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OSHO Online Library   »   The Books   »   Ma Tzu: The Empty Mirror
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Chapter 7: To the Source

“You are blind. You could not see when he hits you, with what love, with what care.how much he cares about you! Even though he is getting old, and in hitting you he hurts himself more than he hurts you, but his whole effort is to bring an urgency. He is not going to live long. As a man he is far greater than I am. As a compassionate teacher there is no parallel to him. You just go back. He is the right person as far as you are concerned.”

The disciple could not understand. He had heard that this man is against his master, and he says, “I am in disagreement with your master on many points - but that does not mean that your master’s compassion is less, that your master’s enlightenment is not authentic. I am not so compassionate. I don’t hit you because I don’t see the urgency. Perhaps in another life you may become enlightened. My care about you is less than his care. He wants you to become enlightened in this life, this moment. I am a little careless, I don’t care, and you think it is nice. It is not nice, it is simply my carelessness - whether you become enlightened or not is not my problem. You can enjoy your life and there is eternity available. Sometime, somewhere, you may become enlightened. Why should I bother?”

He came back to his master, touched his feet, and said what had happened. The master said, “Although we are traditionally opponents - our schools are different, our principles, which are nonessential, are different - I have always understood it, that that man is great, greater than people think. His sending you back here is a sign of his greatness. He has shown love towards you by slapping you. He does not slap ordinarily, but he knows perfectly well that a disciple who has been with me for years will not understand anything else than a good slap. Now go into your hut and start meditating on the sound of one hand clapping.”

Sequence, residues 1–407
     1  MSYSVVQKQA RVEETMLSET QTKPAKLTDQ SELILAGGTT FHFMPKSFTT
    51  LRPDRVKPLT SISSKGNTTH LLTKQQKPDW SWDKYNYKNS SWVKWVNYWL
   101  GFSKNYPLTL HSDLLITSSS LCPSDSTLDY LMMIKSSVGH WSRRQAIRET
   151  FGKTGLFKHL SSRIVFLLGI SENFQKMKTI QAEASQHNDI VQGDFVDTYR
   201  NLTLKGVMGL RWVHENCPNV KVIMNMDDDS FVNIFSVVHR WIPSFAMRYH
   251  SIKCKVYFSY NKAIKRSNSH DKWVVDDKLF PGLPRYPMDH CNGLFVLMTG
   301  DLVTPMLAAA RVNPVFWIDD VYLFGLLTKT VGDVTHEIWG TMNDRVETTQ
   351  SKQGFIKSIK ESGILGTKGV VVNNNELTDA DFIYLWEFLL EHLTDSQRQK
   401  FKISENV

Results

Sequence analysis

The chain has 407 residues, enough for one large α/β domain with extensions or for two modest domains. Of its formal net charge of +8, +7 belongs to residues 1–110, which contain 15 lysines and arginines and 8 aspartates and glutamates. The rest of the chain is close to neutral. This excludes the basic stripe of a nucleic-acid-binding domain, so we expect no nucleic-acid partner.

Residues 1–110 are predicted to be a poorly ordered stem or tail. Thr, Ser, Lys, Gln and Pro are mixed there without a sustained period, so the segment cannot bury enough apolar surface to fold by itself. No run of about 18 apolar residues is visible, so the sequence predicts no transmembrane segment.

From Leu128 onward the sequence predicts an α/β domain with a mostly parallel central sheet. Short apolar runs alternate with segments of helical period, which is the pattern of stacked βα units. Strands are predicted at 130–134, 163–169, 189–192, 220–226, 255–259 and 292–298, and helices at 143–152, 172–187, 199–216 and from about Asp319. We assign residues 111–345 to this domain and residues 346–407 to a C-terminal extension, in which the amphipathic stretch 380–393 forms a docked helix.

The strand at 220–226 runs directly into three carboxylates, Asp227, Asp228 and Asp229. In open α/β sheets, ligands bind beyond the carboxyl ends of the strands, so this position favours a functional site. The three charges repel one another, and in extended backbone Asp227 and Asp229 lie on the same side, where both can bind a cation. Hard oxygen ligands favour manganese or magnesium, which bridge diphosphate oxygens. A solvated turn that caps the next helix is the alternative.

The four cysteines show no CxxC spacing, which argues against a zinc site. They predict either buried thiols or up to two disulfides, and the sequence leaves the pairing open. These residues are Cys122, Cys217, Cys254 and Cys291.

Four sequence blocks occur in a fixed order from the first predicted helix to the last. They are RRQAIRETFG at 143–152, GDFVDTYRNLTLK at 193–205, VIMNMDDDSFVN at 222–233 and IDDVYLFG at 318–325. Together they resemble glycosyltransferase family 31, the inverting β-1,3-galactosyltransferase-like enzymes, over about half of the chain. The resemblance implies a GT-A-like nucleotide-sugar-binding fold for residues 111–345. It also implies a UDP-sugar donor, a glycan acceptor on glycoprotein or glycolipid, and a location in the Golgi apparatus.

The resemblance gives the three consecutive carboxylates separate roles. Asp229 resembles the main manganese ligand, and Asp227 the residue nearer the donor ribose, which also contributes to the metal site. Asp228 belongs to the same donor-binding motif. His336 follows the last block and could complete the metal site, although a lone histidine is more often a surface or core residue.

The disciple had been meditating on this koan for three years. Every day he was getting slaps, beatings, because he would think about it all the time, day and night, sitting. He would hear something in the night - the crickets.all is silent, only crickets - and he would get the idea that perhaps this is the sound. He would run to the master, knock on his door, and even before he had said anything the master would slap him and the disciple would say, “At least let me tell you.!”

The master said, “The moment you open your mouth, you are going to say something wrong. So don’t unnecessarily waste my time. When you have got it, I will know without your saying it.”

A few days passed and the disciple did not come back to report. He used to come every day - sometimes the wind blowing through the pine trees, sometimes the sound of the running water, anything.and he would immediately think, “Perhaps this is the sound that will satisfy the master as the answer to the question.”

But seeing the situation, that he hits you without even listening to your answer.One day the master closed his door as he saw him coming. What kind of master.? He just looked at him and closed the door and said to him through the closed doors, “Go back to your hut and meditate. I am getting old and I cannot hit you every day unnecessarily. I have looked at your face, it is not the sound that you think. Just go.”

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